So the whole scoring and ranking system isn’t quite as simple as it looks, but the importance of getting the highest possible score is self-explanatory. Once again, defining what is a good score for the LSAT test is entirely down to the law schools themselves. 

The simple fact of the matter being that if you want to get into a top law school like Stanford or Yale, a ‘good’ LSAT isn’t enough. To get your application through the door in the first place, you’ll need a great LSAT score. With acceptance rates that hover around the 7% mark, there’s no room for anything but the best.

That said, scoring within the 75th percentile will very much see you in the running for a place at one of the 10 best law schools in the country. They’re notorious for moving the goalposts on a regular basis, but the following table summarizes what’s expected by the 10 highest-profile law schools in America as of 2020 (according to U.S. News & World Report’s Best Law Schools report.)






Yale University




Stanford University




Harvard University




University of Chicago




Columbia University




New York University




University of Pennsylvania




University of Virginia




University of Michigan--Ann Arbor



10 (tie)

Duke University



Average LSAT Score Range

As already mentioned, the average LSAT score right now comes in at about 150. Nevertheless, you should be setting your sights on at least 160 to secure a place in any of the country’s best law schools.

In any case, it’s also worth remembering that the percentile you rank within will also be taken into account. There are currently three percentile rankings you could find yourself within, as outlined below:

The 25th Percentile: Low LSAT Score

While it’s not necessarily the end of the world, falling within the 25th percentile isn’t going to help you get into a prestigious law school. In addition, it’s worth remembering that you’ve the option of re-taking your LSAT - getting a higher score will result in your previous low score being completely disregarded by most law schools.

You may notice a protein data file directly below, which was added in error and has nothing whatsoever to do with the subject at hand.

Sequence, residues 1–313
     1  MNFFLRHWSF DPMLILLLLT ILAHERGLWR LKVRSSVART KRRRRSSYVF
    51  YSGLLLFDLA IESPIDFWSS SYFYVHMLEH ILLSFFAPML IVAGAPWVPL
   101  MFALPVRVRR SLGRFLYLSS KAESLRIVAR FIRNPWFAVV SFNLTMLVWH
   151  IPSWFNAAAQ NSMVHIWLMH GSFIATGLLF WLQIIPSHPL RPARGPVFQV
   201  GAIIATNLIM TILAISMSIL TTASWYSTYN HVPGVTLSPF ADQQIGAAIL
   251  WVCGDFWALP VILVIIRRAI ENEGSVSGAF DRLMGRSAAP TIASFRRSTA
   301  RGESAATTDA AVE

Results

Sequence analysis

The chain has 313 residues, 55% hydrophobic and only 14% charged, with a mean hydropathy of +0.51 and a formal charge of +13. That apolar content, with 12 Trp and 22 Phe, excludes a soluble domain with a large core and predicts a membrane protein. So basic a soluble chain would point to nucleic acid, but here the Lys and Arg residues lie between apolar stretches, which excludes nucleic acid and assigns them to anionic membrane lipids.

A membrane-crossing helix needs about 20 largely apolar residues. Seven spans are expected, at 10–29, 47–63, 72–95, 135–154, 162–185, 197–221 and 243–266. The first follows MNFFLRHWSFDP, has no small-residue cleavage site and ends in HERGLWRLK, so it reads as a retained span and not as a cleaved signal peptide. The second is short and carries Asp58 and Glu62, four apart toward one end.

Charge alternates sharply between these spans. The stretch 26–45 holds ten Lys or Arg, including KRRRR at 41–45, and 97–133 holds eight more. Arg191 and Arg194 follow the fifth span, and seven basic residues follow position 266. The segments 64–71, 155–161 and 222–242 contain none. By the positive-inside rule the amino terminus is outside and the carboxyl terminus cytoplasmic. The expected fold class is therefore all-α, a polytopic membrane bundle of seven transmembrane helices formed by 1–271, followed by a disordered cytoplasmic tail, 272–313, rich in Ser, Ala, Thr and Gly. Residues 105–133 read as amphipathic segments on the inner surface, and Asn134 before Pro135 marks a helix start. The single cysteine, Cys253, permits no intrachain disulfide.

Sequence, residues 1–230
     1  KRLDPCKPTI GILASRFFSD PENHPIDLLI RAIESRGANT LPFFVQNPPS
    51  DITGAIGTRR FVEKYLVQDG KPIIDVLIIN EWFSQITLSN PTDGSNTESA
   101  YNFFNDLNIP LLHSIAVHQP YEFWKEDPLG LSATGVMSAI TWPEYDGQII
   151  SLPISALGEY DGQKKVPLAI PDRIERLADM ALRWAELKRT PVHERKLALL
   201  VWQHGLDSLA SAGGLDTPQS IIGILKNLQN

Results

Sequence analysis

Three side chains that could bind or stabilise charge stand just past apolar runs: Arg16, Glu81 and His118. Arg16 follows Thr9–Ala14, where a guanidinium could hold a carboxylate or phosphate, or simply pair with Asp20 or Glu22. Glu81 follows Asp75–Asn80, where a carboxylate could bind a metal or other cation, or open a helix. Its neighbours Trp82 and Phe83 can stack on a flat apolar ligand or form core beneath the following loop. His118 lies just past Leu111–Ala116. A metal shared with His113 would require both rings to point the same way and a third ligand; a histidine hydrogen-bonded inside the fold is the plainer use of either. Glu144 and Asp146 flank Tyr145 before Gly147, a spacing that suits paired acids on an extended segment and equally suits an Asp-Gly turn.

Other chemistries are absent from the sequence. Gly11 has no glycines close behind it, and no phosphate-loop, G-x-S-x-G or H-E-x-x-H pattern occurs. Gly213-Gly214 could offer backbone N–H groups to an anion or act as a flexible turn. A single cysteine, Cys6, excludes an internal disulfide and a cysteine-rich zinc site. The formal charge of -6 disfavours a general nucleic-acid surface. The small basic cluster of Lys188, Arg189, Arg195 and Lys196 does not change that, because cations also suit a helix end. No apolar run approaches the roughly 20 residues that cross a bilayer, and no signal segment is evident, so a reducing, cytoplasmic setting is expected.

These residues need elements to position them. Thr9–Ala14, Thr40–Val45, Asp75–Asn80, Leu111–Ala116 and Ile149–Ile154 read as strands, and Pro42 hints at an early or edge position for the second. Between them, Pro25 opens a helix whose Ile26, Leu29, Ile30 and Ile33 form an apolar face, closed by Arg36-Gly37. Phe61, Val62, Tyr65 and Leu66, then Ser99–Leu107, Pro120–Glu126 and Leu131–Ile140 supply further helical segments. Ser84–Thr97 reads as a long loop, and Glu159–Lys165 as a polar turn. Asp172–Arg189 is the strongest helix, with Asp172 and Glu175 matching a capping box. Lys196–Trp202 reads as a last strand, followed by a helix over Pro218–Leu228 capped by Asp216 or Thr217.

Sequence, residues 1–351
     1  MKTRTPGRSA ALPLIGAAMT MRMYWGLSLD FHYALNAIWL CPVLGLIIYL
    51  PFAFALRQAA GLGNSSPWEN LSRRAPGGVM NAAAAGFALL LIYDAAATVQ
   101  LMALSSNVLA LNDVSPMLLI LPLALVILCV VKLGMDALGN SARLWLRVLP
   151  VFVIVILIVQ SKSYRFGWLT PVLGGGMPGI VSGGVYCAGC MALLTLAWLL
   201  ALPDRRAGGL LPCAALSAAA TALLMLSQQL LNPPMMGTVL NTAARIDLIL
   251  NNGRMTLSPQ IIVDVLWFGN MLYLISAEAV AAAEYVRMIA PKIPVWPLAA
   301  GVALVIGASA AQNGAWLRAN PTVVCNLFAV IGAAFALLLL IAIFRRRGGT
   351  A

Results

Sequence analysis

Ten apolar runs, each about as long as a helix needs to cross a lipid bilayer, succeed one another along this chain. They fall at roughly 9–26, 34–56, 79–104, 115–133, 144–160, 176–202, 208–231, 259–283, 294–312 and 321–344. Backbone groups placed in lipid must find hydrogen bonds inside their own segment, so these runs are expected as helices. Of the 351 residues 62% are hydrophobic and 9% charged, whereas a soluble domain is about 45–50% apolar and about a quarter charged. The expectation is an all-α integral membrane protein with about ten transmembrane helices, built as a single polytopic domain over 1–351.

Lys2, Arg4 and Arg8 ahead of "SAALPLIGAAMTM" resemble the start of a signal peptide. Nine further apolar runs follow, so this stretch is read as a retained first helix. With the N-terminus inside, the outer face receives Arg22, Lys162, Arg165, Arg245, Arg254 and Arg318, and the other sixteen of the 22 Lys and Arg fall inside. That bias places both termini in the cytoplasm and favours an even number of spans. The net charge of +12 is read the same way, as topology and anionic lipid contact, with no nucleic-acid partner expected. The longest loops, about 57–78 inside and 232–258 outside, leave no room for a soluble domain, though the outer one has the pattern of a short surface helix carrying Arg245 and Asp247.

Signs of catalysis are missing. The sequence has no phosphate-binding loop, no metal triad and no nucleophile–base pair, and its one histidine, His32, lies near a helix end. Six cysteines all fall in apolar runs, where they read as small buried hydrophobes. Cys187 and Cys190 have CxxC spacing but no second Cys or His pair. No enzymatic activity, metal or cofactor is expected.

The 50th Percentile: Average LSAT Score

This is the midpoint of the scale, which most LSAT takers find themselves within. Ranking within the 50th percentile means you did pretty well on your test, but also means you’ll be up against massive competition from similar candidates when applying to law schools. This is where additional factors (such as work experience and recommendation letters) could help tip the balance in your favor.

The 75th Percentile: Good LSAT Score

Big congratulations if you find yourself within the 75th percentile, which could see you on your way to a place at a high-profile law school. You’ll still be up against fierce competition and your specific LSAT score will be taken into account, but you can proudly proclaim that you outperformed up to 75% of your fellow test-takers, which is quite the achievement!

Leonard Haggin

I created this site to help students like you learn from the experiences my team had learned during our extensive academic careers. I am now studying Law at Stanford, but I also make time to write articles here in order to help all you fellow students advance in your academic careers and beyond. I hope our efforts on Study Prep Lounge will arm you with the knowledge you need to overcome whatever trial or test you find in front of you.